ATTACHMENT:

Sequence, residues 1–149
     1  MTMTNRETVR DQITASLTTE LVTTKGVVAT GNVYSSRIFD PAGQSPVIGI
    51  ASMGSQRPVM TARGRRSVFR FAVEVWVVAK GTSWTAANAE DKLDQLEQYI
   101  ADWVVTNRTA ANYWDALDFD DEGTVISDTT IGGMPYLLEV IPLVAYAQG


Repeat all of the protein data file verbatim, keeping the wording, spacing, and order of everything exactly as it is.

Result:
Sequence, residues 1–149
     1  MTMTNRETVR DQITASLTTE LVTTKGVVAT GNVYSSRIFD PAGQSPVIGI
    51  ASMGSQRPVM TARGRRSVFR FAVEVWVVAK GTSWTAANAE DKLDQLEQYI
   101  ADWVVTNRTA ANYWDALDFD DEGTVISDTT IGGMPYLLEV IPLVAYAQG